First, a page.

If you’ve ever found yourself lost in Manhattan, you know that city grids are a beautiful thing. With streets running neatly east-west and north-south, it’s not hard to get yourself pointed back in the right direction.
It appears that Maya people may have enjoyed those same benefits more than 2,000 years ago. According to Live Science, archaeologists in northern Guatemala have found a settlement dating from between 600 and 300 BCE that was similarly planned out on a grid — the first of its kind in Central America.
The discovery was made by Queens College professor Timothy Pugh, who presented his findings at the Society for American Archaeology‘s annual meeting in San Francisco. The archaeologist has worked at the Nixtun-Chi’ich’ site in Petén since 1995, excavating more recent remains atop the old ruins. In the process, he found himself mapping the ancient city.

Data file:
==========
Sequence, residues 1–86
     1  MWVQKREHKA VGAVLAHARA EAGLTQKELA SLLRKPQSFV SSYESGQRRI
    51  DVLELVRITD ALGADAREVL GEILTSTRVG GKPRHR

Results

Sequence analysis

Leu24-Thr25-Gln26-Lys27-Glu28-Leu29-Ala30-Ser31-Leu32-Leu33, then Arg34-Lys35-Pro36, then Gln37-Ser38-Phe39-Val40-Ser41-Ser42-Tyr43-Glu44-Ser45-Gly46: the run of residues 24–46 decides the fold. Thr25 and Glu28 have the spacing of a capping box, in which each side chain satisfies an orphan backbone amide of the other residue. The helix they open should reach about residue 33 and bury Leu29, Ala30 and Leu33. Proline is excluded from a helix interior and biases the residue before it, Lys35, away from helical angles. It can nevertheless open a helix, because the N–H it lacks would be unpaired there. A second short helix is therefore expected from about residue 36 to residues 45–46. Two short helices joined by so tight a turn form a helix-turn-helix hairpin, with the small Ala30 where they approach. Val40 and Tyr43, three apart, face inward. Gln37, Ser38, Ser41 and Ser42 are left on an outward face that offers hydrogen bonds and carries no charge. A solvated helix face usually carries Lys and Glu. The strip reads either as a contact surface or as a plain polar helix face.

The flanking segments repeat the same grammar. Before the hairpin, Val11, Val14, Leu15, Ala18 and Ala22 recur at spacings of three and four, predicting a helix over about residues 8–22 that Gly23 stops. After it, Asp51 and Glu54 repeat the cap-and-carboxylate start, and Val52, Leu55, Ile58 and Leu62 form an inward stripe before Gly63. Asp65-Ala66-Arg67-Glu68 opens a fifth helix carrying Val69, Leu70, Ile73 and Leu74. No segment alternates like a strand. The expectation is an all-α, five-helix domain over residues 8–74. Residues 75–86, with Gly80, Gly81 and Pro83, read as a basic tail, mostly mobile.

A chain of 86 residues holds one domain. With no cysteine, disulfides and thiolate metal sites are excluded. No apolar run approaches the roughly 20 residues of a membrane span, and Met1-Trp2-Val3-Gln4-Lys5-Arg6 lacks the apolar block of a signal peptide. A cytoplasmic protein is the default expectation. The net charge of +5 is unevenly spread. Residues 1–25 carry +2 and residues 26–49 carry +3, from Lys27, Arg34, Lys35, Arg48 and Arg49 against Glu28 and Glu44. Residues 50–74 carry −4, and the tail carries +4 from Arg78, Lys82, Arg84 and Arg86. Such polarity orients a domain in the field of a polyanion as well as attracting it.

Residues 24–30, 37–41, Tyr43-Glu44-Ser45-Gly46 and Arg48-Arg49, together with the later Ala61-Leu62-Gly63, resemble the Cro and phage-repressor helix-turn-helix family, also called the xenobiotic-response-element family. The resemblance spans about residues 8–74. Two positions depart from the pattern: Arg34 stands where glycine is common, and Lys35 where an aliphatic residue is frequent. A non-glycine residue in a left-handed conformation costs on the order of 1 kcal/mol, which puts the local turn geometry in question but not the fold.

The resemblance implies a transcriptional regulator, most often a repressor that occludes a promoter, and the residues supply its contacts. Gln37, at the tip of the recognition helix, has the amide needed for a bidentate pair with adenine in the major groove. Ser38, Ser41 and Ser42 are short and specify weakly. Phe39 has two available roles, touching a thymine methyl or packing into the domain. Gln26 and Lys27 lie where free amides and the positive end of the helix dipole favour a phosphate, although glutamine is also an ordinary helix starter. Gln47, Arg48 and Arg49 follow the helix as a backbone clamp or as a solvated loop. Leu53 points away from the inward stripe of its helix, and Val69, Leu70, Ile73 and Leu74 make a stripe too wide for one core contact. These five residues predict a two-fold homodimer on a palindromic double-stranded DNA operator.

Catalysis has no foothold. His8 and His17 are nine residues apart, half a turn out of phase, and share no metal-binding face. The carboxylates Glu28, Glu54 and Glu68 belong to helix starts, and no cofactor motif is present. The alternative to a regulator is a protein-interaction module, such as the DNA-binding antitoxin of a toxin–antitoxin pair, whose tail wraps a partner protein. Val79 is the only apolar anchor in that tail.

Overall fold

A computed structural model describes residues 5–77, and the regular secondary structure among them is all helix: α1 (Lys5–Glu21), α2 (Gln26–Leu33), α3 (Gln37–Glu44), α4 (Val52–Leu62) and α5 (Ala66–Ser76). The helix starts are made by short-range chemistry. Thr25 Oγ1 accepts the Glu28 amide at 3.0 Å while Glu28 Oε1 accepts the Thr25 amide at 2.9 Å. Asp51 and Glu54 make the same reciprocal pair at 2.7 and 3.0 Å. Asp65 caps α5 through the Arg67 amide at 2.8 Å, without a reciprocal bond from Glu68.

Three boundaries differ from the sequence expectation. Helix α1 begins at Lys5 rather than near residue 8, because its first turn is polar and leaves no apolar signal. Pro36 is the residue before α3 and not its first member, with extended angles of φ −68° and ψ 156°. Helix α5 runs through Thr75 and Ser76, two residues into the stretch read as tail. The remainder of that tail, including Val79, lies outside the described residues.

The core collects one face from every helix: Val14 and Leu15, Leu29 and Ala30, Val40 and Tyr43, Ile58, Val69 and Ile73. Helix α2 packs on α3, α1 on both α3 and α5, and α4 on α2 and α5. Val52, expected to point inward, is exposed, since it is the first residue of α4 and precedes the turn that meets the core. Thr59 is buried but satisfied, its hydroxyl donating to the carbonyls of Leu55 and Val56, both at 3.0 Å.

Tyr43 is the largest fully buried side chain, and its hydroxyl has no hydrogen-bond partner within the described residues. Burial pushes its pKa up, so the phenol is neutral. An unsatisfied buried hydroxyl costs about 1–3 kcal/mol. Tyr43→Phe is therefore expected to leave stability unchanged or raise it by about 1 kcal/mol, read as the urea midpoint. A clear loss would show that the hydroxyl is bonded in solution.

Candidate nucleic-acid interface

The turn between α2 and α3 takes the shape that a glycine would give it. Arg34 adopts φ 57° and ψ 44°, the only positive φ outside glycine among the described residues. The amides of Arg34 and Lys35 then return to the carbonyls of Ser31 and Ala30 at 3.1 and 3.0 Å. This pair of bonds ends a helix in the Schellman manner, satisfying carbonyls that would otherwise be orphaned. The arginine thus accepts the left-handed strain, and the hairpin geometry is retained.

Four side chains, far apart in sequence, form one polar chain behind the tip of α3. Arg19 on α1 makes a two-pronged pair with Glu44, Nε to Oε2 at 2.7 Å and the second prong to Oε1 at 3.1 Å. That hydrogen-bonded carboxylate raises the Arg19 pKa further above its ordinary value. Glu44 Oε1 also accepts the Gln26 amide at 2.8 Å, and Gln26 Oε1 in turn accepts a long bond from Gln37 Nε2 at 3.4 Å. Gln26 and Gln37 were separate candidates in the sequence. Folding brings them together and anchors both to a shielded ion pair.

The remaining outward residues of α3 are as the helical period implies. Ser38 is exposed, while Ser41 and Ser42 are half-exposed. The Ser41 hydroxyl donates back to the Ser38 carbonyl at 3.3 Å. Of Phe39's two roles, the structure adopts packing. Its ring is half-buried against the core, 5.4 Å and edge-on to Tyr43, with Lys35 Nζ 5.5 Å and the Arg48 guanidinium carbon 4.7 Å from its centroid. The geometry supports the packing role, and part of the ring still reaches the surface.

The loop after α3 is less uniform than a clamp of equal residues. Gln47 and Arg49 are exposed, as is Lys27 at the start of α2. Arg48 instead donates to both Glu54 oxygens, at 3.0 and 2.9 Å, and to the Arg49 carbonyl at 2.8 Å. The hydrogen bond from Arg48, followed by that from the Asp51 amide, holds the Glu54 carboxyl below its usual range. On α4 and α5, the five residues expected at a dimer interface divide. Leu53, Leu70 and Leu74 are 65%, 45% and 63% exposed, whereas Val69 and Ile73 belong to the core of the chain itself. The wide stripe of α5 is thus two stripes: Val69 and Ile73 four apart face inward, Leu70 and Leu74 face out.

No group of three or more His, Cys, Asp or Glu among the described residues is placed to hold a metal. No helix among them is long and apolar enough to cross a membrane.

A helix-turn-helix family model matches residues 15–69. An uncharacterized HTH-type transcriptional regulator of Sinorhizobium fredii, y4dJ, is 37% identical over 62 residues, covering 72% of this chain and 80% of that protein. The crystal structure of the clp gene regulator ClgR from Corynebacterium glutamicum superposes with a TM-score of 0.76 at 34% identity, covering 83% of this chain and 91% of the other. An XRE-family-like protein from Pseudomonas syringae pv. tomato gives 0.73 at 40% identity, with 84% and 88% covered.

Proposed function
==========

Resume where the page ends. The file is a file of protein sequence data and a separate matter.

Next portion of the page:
Pugh was shocked to find its streets immaculately laid out. An east-west ceremonial route was lined with about 15 buildings and boxy pyramids soaring nearly 100 feet high in a line, while residential neighborhoods occupied the northern and southern blocks. There was also a defensive earthen and stone wall surrounding the city, suggesting its residents were keen to keep intruders out.
Though the Aztec city of Teotihuacan in Mexico was also systematically laid out on a grid, no such Mayan cities have yet been found. Pugh told Live Science that the city’s organization was unprecedented. “Most Mayan cities are nicely spread out. They have roads just like this, but they’re not gridded,” he said.
He speculated that the attention to urban design was likely mandated by a mighty, yet-unknown sovereign. “It’s a top-down organization,” he explained. “Some sort of really, really powerful ruler had to put this together.”
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Conversations with Leslie Barlow, Mary Griep, Alexa Horochowski, Joe Sinness, Melvin R. Smith, and Tetsuya Yamada will be accessible online or in person at the Minneapolis College of Art and Design.
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